The Nature Communications research is the first direct evidence the particles can get into the part of the placenta that feeds the developing fetus. It could be the first step to explaining why high pollution is linked to an increased risk of miscarriage, premature birth and low birth weights. Experts said women could take measures such as avoiding busy roads. But they warned tackling air pollution could be achieved at a “policy level” only.
HOW THE PLACENTA WORKS
The placenta is made up of: the fetal placenta, made from the same tissue that forms the fetus and the maternal placenta, made from tissue from the mother’s uterus. Oxygen and nutrients cross from the maternal placenta to the fetal placenta and are then carried to the fetus via the umbilical cord. Waste products from the fetus, such as carbon dioxide, pass back the other way. In-between is a semi-permeable membrane, made up of placental tissues. Substances such as alcohol, nicotine and other drugs are known to be able to cross the placenta, which is why women are advised to avoid them during pregnancy.
The scientists in this study looked at placentas from five pre-term and 23 full-term births. Using high-resolution imaging, they found black carbon particles on the fetal side in each of the placentas studied. The 10 mothers who lived closest to busy roads, and who had been exposed to highest levels of pollution during pregnancy had the highest levels of particles in the placenta, compared with the 10 who had been exposed to the lowest and lived at least 500m (1,600ft) away from a busy road. The researchers suggest the particles travel from the mother’s lungs to the placenta.
Writing in the journal, the scientists, from Hasselt University, in Belgium, led by Prof Tim Narwot, said: “Our results demonstrate that the human placental barrier is not impenetrable for particles. Further research will have to show whether the particles cross the placenta and reach the fetus” and if that “represents a potential mechanism explaining the detrimental health effects of pollution, from early life onwards”, they added.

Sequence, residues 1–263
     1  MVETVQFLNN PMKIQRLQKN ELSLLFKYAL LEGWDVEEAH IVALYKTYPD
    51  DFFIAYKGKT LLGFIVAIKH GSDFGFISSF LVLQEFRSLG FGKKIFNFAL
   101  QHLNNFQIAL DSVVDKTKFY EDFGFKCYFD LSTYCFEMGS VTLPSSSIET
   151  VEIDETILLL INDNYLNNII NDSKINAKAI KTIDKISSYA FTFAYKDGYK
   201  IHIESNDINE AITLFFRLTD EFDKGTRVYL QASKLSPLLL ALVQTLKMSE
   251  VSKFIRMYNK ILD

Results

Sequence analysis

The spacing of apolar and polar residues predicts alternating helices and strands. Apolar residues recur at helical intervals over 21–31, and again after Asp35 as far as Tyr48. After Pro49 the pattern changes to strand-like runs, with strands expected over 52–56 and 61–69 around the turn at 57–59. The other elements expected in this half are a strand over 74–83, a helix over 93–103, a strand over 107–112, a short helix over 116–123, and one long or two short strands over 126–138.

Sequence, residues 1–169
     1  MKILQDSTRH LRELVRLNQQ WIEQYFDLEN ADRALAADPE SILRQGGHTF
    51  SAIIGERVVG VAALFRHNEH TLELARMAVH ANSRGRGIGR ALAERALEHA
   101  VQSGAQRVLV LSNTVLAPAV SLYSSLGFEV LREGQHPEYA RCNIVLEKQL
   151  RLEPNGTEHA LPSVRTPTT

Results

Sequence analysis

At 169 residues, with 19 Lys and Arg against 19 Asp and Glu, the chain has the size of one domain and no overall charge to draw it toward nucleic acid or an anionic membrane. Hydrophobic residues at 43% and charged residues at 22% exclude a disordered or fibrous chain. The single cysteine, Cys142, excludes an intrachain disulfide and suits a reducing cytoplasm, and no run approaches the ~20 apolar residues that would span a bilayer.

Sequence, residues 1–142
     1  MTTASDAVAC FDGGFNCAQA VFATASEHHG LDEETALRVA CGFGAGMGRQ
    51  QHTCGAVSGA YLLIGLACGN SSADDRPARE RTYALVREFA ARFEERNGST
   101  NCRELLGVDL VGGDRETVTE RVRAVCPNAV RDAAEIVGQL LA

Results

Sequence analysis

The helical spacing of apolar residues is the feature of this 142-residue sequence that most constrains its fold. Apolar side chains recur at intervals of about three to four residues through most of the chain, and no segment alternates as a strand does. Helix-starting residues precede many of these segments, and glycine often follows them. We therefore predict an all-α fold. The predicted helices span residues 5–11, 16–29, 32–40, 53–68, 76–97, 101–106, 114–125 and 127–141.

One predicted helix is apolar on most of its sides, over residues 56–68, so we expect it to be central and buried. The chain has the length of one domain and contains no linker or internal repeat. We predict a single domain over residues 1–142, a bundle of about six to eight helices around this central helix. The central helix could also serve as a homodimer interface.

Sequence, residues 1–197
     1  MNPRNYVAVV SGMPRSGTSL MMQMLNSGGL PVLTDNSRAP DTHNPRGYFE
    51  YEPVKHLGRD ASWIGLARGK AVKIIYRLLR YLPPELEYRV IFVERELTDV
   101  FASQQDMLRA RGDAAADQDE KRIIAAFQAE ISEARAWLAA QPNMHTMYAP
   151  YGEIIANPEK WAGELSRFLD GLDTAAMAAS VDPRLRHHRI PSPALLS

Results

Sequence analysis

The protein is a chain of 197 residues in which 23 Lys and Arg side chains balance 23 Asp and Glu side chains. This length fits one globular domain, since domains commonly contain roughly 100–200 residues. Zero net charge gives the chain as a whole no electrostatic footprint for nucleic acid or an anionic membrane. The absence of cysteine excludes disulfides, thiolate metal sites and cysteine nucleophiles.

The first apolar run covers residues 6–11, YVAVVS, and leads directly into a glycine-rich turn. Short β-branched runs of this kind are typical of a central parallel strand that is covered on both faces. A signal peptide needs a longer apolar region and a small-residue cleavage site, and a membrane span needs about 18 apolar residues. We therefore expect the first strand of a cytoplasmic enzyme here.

Prof Jonathan Grigg, a leading expert in the effects of air pollution on children, from Queen Mary University of London, said: “There’s very strong epidemiological evidence that maternal exposure to air-pollution particles is associated with adverse outcomes such as miscarriage. This is the beginning of showing that this is a ‘plausible mechanism’ that could be causing these effects.”
Andrew Shennan, professor of obstetrics at King’s College London, said: “Small particles, such as through smoking, can cause considerable disease related to the placenta and these findings of particles in the placenta are a concern. “Their possible effects on the baby and mother warrant further investigation.”
WHAT CAN PREGNANT WOMEN DO?
Both experts accept pregnant women cannot change the environment where they live. Prof Grigg said: “Women shouldn’t be too paranoid about walking down the street but they could be thinking about how they could reduce their exposure.” Prof Narwot said there were small measures that could help. “For an individual it’s very difficult to escape from it – people have to breathe,” he said. “Don’t ventilate houses at the front where the traffic is. It’s better at the back. And if possible if you cycle or walk, choose a road with less traffic. But in general this needs to be addressed at policy levels.